Creating Embedded Charts

The Worksheet object also has a ChartObjects property that returns a ChartObjects collection, which is the collection of all ChartObjects in the worksheet. As we have mentioned, a ChartObject object is a container for a Chart object—that is, an embedded chart.

The ChartObjects collection has an Add method that is used to create a new embedded chart. The syntax is:

ChartsObjectObject.Add(Left, Top, Width, Height)

where the required Left and Top parameters give the coordinates of the upper-left corner of the chart (in points) relative to the upper-left corner of cell A1 on the worksheet, and Width and Height specify the initial size of the chart (also in points). Recall that the InchesToPoints method can be used to convert inches to points.

Note that the Add method returns a ChartObject object, rather than a Chart object. This is a bit confusing, since the method creates both a ChartObject object and the contained Chart object. The code in Example 21-1 creates a new ChartObject object called ExampleChart along with its contained Chart object. It positions the chart so that its upper-left corner is three columns from the left edge of the sheet and 1/2 row down from the top of the sheet. The dimensions of the chart are 8 columns wide and 20 rows high.

Example 21-1. Creating an Embedded Chart

Sub CreateAChart()

' Create an embedded chart

Dim co As ChartObject Dim cw As Long, rh As Long

' Get data for positioning chart cw = Columns(1).Width rh = Rows(1).Height

' Position chart using column width and row height units Set co = ActiveSheet.ChartObjects.Add(cw * 3, rh * 0.5, cw * 8, rh * 20)

' Name it co.Name = "ChartExample"

Debug.Print co.Name Debug.Print co.Chart.Name

' Set chart type co.Chart.ChartType = xlLine End Sub

The output of the Debug.Print statements are:

ChartExample Sheet1 Chart 1

The chart appears as in Figure 21-4. (Yes, the chart is empty.)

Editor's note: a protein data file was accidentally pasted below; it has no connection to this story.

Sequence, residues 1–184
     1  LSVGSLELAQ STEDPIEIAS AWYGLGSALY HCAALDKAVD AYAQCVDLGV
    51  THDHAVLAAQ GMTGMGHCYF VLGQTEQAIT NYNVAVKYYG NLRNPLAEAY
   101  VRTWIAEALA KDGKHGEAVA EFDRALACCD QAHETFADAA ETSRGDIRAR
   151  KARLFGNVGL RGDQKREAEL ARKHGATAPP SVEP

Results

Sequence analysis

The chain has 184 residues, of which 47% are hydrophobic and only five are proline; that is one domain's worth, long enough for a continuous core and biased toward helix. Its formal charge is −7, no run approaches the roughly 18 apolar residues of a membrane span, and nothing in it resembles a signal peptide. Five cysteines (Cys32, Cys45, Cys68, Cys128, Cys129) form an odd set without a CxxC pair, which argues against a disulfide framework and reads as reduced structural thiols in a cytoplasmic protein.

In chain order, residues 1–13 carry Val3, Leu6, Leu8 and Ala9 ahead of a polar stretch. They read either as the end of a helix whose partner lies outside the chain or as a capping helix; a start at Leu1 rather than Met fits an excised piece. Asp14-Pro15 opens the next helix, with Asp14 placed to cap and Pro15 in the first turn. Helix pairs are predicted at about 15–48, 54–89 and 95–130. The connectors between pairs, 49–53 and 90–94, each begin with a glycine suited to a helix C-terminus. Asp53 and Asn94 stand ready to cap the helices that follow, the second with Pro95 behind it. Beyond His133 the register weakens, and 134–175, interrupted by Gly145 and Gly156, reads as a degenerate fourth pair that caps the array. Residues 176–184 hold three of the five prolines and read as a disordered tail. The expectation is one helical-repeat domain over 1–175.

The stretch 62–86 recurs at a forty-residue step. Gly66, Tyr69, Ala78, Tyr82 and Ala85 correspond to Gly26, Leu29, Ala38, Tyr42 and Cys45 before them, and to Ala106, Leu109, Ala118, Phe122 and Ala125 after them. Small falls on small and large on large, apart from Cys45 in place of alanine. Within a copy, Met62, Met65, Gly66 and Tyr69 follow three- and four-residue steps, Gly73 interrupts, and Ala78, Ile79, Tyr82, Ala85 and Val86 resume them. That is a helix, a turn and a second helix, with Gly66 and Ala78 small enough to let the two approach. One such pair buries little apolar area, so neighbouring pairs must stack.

Figure 21-4. The results of creating an embedded chart object

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You may have noticed that the chart in Figure 21-4 is a trifle uninteresting. We will need to use the various properties and methods of the Chart object (or the ChartWizard method) to create a useful chart.

Note that, although the documentation does not discuss the matter, experimentation shows that the Name property of the Chart object appears to be read-only. Indeed, the code:

co.Chart.Name = "AChart"

results in the error message: "Method Name of object _Chart failed."

Note also that we can run the CreateAChart procedure multiple times without error and this will produce multiple ChartObject objects with the same name! Thus, the name property seems to be of little use for both ChartObject objects and embedded Chart objects. In fact, after running the CreateAChart procedure twice and getting two charts named ExampleChart, the code:

Debug.Print ActiveSheet.ChartObjects(1).Name Debug.Print ActiveSheet.ChartObjects(2).Name ActiveSheet.ChartObjects("ChartExample").Left = 600

actually produces the output:

ChartExample ChartExample and moves one of the charts to the new position specified by the Left property!

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